Be uncomfortable. Getting comfortable with being uncomfortable may seem like a cliché, but knowing there will be bumps along the way, from planning to design to deployment, can be an important part of evolving your product and ensuring it’s the best it can be.
Be transparent. Communicating regularly with your development team and business leaders through all stages of the product development process is essential to success. How often and well you communicate with your team can make all the difference in terms of encouraging collaboration.
Think like a scientist. Experimenting is an important part of discovering how to best position your product. After all, a negative result in science can often be more valuable than a confirmation. Thinking like a scientist also means taking a more clinical, non-emotional view of your product, so you ultimately end up making data-driven decisions based on developer and user feedback.
Build the foundation for transformation
Transformation doesn’t happen overnight. To transform successfully, you need to build processes for continuous transformation throughout the development lifecycle.
So how can you ensure you find the right direction early on in the process? You can start by creating a living feedback loop, where communication flows freely between developers, IT leaders, and end users. In a typical development feedback loop, you capture input from all three of these groups, analyze the results, and decide what to change based on the insights gained. In the loop’s final stage, you implement the changes you feel are necessary and deploy them to production. At that point, the loop kicks off again for the next set of features.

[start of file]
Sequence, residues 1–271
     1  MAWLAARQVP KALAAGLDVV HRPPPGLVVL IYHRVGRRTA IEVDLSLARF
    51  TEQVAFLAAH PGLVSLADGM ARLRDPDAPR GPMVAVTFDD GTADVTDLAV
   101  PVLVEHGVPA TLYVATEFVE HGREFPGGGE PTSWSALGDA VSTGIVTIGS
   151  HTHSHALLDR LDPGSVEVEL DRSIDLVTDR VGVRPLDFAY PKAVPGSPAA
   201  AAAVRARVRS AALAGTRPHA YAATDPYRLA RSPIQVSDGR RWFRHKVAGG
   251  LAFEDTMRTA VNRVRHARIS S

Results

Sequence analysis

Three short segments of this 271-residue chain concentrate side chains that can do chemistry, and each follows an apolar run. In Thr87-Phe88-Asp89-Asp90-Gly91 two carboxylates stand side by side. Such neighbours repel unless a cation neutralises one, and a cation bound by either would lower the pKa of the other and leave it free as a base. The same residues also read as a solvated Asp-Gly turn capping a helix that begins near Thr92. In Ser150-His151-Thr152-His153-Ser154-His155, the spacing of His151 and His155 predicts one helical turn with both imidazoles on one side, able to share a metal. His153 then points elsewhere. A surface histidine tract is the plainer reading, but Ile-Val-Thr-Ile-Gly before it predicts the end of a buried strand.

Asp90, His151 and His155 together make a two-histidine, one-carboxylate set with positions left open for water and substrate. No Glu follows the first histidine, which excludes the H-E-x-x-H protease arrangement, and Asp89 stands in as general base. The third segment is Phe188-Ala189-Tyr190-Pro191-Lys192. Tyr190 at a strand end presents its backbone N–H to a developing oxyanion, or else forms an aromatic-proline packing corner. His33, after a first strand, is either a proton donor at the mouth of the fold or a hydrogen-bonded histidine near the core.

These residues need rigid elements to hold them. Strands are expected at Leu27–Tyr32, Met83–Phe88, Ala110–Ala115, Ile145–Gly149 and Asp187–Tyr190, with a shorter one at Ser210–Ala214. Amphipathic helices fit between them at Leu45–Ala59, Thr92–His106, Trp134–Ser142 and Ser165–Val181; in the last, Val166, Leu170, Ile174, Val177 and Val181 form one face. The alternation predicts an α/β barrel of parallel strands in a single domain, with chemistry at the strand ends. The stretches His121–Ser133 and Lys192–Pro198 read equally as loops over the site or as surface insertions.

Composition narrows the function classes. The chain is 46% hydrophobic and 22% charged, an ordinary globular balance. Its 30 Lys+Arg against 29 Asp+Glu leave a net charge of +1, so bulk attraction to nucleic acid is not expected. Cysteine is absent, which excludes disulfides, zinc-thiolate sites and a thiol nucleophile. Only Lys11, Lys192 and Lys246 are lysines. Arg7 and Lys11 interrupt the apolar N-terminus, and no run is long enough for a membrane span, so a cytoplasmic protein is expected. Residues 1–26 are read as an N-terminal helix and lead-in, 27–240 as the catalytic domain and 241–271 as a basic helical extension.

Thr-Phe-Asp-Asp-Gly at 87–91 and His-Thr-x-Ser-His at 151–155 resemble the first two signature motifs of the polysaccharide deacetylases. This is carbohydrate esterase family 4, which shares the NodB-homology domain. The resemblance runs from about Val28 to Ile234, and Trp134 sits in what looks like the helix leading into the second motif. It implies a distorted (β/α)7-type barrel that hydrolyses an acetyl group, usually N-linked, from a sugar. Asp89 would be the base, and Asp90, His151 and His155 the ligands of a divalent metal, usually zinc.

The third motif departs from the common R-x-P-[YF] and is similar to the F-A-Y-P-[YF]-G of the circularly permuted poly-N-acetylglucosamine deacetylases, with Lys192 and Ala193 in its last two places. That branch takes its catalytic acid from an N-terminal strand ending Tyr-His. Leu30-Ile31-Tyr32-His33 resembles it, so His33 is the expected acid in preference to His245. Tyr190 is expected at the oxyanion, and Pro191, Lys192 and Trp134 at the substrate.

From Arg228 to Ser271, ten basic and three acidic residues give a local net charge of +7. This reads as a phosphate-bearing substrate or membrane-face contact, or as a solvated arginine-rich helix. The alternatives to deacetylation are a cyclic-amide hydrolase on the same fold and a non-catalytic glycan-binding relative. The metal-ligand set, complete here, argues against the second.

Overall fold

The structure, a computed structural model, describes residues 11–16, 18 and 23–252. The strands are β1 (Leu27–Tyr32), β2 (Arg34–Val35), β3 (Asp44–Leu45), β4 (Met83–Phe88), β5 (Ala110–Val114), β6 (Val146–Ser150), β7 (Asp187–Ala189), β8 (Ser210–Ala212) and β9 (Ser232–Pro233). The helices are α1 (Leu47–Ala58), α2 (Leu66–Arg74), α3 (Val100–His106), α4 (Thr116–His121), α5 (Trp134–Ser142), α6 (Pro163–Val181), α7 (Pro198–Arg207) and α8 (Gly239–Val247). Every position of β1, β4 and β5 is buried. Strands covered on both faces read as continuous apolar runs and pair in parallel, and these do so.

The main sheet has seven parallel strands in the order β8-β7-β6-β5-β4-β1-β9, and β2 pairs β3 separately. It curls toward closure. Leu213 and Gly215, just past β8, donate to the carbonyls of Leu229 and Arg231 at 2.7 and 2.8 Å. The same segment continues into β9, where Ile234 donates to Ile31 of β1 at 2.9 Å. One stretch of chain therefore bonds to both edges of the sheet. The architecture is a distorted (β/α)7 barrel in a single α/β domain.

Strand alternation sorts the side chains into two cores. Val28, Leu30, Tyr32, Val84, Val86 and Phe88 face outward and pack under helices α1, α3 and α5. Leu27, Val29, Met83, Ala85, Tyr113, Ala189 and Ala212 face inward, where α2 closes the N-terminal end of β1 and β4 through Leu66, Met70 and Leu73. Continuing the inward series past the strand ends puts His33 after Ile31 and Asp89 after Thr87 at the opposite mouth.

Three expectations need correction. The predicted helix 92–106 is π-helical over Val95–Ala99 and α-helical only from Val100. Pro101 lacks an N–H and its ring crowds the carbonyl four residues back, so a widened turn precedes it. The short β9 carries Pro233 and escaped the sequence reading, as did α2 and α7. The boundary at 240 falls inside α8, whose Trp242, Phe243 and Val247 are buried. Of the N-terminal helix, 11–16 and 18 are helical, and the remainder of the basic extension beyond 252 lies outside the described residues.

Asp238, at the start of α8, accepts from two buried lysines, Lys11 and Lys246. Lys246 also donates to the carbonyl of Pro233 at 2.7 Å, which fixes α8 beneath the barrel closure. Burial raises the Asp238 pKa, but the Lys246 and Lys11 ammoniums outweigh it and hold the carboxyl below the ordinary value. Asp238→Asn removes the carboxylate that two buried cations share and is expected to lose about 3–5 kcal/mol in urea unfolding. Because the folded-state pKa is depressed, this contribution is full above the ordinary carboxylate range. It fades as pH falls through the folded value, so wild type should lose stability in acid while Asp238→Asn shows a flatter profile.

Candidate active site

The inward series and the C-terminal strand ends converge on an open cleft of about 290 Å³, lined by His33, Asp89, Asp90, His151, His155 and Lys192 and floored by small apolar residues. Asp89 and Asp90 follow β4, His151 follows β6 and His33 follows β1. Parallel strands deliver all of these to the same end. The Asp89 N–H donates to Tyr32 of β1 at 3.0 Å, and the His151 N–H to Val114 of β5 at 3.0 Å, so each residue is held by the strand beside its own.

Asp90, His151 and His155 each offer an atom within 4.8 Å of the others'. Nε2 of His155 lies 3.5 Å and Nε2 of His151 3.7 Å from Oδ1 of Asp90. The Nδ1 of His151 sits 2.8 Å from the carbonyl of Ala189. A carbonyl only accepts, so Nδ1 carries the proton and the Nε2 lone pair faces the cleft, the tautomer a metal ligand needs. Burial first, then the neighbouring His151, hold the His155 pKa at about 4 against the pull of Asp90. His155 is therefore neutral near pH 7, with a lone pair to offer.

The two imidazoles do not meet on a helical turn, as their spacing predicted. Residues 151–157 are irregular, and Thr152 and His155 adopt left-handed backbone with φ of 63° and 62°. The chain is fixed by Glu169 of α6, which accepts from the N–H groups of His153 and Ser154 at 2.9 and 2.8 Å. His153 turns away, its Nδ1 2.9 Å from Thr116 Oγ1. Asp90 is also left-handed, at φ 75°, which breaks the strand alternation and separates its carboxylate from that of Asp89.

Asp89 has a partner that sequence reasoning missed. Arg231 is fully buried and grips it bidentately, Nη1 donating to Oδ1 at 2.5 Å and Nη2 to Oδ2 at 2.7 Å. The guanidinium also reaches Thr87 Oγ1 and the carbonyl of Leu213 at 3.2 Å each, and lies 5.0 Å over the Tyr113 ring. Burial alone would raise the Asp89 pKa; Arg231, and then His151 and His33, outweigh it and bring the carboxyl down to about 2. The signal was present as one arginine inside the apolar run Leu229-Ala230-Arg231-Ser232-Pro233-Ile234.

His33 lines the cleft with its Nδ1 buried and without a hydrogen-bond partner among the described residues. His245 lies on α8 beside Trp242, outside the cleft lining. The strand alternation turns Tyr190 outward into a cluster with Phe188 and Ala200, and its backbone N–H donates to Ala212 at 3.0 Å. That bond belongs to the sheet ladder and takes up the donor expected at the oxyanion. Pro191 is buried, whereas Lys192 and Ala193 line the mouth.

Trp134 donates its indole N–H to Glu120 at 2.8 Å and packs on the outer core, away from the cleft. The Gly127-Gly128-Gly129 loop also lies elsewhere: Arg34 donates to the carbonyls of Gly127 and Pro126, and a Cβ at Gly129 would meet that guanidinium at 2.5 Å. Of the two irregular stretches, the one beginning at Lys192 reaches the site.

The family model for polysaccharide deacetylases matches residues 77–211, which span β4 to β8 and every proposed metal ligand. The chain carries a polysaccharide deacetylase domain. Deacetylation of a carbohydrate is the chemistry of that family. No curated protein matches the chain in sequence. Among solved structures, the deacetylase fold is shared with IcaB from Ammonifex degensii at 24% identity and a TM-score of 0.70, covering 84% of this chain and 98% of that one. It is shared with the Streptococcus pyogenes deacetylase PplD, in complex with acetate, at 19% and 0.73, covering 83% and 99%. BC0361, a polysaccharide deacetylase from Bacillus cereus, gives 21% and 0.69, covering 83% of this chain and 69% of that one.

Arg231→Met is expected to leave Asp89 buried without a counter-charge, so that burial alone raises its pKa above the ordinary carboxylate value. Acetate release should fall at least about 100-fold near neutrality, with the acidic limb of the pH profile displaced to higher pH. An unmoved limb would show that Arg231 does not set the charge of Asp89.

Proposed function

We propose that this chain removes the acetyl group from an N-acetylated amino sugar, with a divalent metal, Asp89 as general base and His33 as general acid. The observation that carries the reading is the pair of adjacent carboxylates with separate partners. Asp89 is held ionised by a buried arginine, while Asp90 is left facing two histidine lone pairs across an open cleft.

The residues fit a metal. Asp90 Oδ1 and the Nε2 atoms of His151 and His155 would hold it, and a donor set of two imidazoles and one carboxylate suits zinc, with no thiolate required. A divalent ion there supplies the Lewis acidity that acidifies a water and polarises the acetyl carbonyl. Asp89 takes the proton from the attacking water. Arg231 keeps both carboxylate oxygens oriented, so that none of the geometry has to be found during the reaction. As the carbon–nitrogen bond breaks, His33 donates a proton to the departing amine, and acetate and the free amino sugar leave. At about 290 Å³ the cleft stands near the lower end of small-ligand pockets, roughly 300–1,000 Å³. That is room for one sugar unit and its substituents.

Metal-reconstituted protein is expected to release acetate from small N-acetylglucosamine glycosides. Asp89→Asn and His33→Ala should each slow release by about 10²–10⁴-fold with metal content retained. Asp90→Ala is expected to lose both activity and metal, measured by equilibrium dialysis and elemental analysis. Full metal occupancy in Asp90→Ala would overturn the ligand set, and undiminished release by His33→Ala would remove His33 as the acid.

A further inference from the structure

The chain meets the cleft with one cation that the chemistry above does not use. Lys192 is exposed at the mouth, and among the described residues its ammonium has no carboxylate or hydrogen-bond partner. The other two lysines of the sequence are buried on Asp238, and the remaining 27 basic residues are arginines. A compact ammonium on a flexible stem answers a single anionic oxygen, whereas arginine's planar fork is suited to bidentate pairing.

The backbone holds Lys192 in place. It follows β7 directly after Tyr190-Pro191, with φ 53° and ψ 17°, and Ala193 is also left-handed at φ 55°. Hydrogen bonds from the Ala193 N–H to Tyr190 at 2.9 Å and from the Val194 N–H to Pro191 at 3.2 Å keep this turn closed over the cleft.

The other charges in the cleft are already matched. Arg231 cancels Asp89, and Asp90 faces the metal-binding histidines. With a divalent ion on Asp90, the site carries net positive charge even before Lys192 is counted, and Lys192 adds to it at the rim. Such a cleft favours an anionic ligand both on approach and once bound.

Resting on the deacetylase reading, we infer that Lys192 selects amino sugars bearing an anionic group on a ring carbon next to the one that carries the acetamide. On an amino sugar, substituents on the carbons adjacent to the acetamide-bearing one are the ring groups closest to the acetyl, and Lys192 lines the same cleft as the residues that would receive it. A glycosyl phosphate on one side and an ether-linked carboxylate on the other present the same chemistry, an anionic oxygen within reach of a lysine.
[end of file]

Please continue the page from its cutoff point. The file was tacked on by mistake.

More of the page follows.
Make the most of all feedback
Negative and positive feedback are both useful. In the negative version, you listen to your end users talk about what’s not working for them in the product. You then take that feedback and tweak your product to better fit those needs. In a positive loop, you take the elements that are working and enhance them to make the product even stronger.
Transforming your product based on feedback loop learnings will ultimately help make your product the best it can be, with the right features and user interface based on what you learn from regular input. Instead of building a product in isolation, it’s always better to implement a unified, integrated product development process.
Minimize the financial cost of transformation
Making transformation efficient and cost-effective is also essential. To make this happen, you should strive to build on what you have instead of starting over completely when the development process feels stuck. If necessary, you can rearchitect for change or modularity.